Schoodic Arts to host live, in-person festival



By Will Slater

WINTER HARBOR — For two weeks in August, anything is possible. You can learn to be a potter, a calligrapher or a linoleum-block printmaker, or a line dancer or a glass artist. You can marvel at a magician and mime or dance to the blues. You can thoughtfully consider environmental poetry one evening and acrobatic dance the next. 

You can do all of this at Winter Harbor’s Schoodic Arts for All. 

“We’ve had people who took a quick [woodturning] workshop here,” says Executive Director, Mary Laury, “and have gone on to make things on their own, and actually establish a little small business.”

Of course, not everyone who attends a workshop at SAFA’s annual Schoodic Arts Festival, Aug. 2-15, will leave with a newfound profession. Still, having organized her last festival after two decades of stewardship, Laury hopes the performing and visual arts organization can offer meaningful education and a taste of local artistic culture. Her successor, Colt Neidhardt, already has been hired and is on the job. Born in North Dakota, and raised in western Nebraska, Neidhardt previously taught acting, directing and theater history, and mentored students, at the University of Arkansas at Fort Smith. Neidhardt is excited to continue the Schoodic Arts tradition of programming driven by the local audience.

“The big takeaway is that so many of the programs here are community-guided or student-guided and that they’re really coming from those points of inspiration,” he says.

Through two weeks this summer, Schoodic Arts will host over 40 events, including live performances each evening and from two to four daily workshops, each a few hours long. Laury hopes that events are educational and enriching, but more importantly that after prolonged isolation, the festival allows the Schoodic Peninsula community to reconnect through the arts.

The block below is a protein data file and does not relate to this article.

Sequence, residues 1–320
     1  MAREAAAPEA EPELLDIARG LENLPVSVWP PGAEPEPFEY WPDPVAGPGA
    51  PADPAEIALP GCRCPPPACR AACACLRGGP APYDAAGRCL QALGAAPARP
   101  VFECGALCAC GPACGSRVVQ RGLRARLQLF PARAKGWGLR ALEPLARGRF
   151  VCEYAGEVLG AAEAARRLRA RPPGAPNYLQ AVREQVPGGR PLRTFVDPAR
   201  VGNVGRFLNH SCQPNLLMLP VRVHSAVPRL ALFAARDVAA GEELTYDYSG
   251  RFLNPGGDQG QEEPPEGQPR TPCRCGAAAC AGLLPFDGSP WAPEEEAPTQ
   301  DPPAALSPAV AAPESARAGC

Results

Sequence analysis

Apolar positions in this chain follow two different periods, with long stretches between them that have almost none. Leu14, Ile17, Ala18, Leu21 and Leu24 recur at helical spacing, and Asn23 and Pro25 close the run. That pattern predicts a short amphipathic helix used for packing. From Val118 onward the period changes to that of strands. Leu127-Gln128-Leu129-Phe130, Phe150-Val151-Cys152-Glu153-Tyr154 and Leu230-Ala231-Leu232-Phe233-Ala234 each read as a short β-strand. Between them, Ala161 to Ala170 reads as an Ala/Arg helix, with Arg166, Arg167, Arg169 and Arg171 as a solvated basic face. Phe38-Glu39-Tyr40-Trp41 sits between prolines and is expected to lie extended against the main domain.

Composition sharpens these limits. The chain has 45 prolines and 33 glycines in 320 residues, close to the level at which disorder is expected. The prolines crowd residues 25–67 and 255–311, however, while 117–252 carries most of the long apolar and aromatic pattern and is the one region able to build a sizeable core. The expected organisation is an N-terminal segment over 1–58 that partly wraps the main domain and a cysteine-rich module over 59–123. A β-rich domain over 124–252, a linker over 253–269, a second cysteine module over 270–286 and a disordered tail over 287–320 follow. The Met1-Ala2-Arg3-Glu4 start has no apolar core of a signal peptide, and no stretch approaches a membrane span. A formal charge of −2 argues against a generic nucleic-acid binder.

Last year’s festival had to be moved fully online due to the pandemic. Laury is proud of the work artists and Schoodic Arts staff did to offer virtual programming. Out of a difficult situation, she says, some real positives came out of the festival. 

“We were able to serve an audience that didn’t have the physical ability to get to Winter Harbor.”

Still, Laury is excited to welcome audiences back.

When planning the events, Laury attempted to strike a balance between offering performances regular attendees know and love, like Celtic music, this year performed by the Grammy-nominated Kat Logan Aug. 11, with something that may be more unfamiliar, like several performances of songs and poems from the 2019 book “A Dangerous New World, Maine Voices on the Climate Crisis” on Aug. 3. 

The same philosophy of fusing the familiar and the challenging applies to the workshops. International cooking courses may be recognizable to past students, but this year’s “Wok Top Cooking” and “Ramen Made Simple,” both taught by Chris Toy on Aug. 12, provide a chance for amateurs to expand their skills in new directions. All workshops are planned with a common intention.

“The workshops are set-up as low-cost, short duration, get a taste of a lot of different things,” Laury says.

Some workshops have become August classics, like Japanese tie-die.

“The Japanese tie-dye is one of the perennial favorites,” Laury says, “It’s just this wonderful, amazing, terrific mess.”

As it is year-round, children’s education will be run alongside the adult programming. The weeklong camp Aug. 9-13 features sgraffito pottery and mason bee house-making lessons. The goal, Children’s Education Coordinator Anna Woolf says, is to make the arts hands-on and build links between local kids and artists. 

“[It is] important to have this connection, to know here are real live models, examples in our community of folks who are making a living being creative.” 

The festival, Laury hopes, offers that rare and wonderful chance to learn and even be, if only briefly, something totally new. 

The festival is made possible by the work of volunteers. If you are interested in lending a hand in this year’s festival, contact Schoodic Arts for All at 963-2569 or visit schoodicartsforall.org or their Facebook page. The organization is is located at 427 Main St., Winter Harbor.